Former Minister in the Ministry of Finance is stating that Trinidad and Tobago is far from being bankrupt: He made the statement on his LinkedIn page.
Browne made the statement in response to part of Prime Minister Dr Keith Rowley’s speech at the recent PNM convention: “the previous government spent us into bankruptcy, trying to buy themselves a second term, they took expectations to a point beyond reality and sustainability and if we didn’t do the same, we’d be seen as heartless, incompetent and uncaring.”
Browne countered: Bankruptcy? The country is not bankrupt. There is enough money to run the country properly, but it requires leadership, management, and a streamlined government bureaucracy operating with a modicum of efficiency. In September 2015, the PNM inherited a 47.1% debt/GDP ratio; at June 2019 it was 61.9% of GDP. The precipitous decline in income is the fault of international markets, not the UNC and would have bedeviled any administration. UNC’s 2014 experience is similar to that of the PNM in the 1981-86 period. The challenge is to manage the situation.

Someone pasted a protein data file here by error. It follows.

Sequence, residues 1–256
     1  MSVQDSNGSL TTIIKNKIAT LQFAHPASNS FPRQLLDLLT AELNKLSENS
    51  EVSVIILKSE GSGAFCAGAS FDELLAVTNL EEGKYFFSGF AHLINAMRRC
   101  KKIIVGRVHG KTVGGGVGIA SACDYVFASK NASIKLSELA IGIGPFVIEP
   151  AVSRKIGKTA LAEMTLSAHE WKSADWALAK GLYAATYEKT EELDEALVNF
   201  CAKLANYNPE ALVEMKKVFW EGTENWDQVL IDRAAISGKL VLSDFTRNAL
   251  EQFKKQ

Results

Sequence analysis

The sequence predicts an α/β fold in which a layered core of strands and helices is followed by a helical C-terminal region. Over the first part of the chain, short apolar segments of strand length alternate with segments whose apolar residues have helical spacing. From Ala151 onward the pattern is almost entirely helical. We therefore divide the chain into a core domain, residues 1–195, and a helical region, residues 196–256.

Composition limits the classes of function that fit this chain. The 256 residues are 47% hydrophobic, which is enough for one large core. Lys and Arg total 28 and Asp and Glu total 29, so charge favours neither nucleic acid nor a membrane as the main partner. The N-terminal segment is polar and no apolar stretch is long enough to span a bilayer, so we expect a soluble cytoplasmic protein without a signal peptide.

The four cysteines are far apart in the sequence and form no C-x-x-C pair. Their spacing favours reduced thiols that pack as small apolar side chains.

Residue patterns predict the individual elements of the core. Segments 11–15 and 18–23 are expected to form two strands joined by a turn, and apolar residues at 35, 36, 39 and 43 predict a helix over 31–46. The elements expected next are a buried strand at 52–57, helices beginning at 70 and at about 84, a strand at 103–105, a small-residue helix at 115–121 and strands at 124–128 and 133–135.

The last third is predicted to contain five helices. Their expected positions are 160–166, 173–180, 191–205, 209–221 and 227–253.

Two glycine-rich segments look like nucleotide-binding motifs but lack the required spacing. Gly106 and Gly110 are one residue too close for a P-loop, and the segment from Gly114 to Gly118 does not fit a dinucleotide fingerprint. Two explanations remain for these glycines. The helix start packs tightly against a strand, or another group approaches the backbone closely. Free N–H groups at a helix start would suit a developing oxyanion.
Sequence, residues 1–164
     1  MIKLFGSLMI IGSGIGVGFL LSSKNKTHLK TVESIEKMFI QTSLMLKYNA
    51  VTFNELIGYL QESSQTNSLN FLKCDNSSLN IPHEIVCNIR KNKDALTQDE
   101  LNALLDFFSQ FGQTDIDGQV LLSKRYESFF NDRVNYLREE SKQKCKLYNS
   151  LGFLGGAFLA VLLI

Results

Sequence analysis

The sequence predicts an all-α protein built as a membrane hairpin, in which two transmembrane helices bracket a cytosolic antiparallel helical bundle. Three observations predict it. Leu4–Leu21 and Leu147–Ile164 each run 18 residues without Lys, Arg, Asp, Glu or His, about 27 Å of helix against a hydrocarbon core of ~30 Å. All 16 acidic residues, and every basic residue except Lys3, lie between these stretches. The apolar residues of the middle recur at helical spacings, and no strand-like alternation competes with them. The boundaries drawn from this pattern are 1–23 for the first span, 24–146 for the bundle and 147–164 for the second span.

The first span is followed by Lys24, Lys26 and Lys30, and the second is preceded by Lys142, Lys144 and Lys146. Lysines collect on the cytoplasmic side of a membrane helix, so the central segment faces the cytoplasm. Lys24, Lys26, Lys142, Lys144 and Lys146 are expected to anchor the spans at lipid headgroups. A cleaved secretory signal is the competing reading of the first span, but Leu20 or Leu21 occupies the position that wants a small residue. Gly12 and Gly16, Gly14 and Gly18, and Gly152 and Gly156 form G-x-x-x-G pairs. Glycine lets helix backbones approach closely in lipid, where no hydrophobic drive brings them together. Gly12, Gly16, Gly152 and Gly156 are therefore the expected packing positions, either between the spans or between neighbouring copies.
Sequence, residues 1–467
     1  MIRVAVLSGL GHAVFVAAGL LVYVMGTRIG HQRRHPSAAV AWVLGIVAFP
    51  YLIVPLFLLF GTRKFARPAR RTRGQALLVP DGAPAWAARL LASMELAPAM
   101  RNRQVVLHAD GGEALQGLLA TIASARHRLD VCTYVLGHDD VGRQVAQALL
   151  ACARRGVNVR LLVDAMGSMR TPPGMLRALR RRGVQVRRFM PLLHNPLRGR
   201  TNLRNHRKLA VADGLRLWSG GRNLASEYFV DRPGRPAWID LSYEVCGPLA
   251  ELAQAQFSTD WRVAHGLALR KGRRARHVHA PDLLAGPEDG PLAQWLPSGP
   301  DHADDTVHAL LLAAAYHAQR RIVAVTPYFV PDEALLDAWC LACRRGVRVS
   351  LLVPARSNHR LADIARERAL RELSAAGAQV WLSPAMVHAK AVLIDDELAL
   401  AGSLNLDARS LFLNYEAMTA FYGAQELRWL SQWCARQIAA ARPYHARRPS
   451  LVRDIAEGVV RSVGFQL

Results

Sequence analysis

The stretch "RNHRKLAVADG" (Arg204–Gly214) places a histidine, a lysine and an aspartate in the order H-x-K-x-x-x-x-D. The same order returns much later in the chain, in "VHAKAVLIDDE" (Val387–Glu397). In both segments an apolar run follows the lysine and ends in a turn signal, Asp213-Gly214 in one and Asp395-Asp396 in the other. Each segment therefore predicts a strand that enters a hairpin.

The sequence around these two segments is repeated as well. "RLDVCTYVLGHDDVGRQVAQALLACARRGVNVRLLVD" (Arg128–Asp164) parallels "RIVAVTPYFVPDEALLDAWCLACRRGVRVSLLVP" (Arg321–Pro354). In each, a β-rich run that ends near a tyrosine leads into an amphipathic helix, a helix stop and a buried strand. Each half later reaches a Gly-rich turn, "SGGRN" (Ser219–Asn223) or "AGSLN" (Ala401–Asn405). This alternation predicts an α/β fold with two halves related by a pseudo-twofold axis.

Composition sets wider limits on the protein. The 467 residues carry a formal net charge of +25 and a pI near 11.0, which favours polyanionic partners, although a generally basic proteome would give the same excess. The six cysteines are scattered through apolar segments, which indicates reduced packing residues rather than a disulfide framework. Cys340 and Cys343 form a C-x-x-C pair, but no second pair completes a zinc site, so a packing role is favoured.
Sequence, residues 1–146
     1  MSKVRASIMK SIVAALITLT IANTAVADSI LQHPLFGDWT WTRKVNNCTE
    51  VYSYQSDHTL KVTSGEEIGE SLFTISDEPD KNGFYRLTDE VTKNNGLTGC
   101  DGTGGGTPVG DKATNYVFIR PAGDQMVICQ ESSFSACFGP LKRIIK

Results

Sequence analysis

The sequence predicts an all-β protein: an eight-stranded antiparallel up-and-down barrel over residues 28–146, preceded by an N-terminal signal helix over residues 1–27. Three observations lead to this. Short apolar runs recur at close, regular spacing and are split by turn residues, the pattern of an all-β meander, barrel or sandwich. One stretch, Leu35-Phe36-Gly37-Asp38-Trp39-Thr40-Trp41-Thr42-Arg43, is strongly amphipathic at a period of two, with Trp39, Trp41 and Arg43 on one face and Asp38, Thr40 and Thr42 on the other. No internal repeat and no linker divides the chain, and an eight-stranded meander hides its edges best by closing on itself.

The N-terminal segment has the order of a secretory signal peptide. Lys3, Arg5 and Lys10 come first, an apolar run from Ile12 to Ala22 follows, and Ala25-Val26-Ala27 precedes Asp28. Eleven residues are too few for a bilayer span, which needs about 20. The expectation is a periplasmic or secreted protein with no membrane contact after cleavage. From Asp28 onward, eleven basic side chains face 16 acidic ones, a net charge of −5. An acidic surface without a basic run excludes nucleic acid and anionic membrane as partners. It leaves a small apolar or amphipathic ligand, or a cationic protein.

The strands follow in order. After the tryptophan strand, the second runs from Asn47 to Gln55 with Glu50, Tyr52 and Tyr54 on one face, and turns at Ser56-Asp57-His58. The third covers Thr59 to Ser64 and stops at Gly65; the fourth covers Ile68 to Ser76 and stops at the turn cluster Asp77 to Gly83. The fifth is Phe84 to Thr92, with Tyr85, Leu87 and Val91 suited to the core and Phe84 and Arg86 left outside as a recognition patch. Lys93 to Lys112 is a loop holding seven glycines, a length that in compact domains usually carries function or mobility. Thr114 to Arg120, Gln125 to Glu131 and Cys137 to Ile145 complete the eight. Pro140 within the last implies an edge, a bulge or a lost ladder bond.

The IMF has been painted as the villain of the piece. The single, oft repeated objective of this administration is to avoid the adjustment policies of the IMF as adopted by the NAR. Portraying the IMF as the villain, the finance minister has avoided the benefit of sober reflection provided by the IMF’ s Article IV consultation this year. In April 2019, the IMF correctly pointed out that the government’s growth projection of 1.9% for 2018 was wholly unrealistic and projected a figure of 0.3% for 2018 and 0.0% for 2019 much to Imbert’s annoyance. The 2019 Review of the Economy shows the economy declined in 2018 by -0.2% a far cry from government’s projection of 1.9%. Government’s projections for 2020 and 2021 are similarly miscalculated.
Browne also quoted Terrence Farrell, former head of the Economic Advisory Board referred to T&T in one of his books as “The Underachieving Society”. What is the PNM’s leadership doing to change that?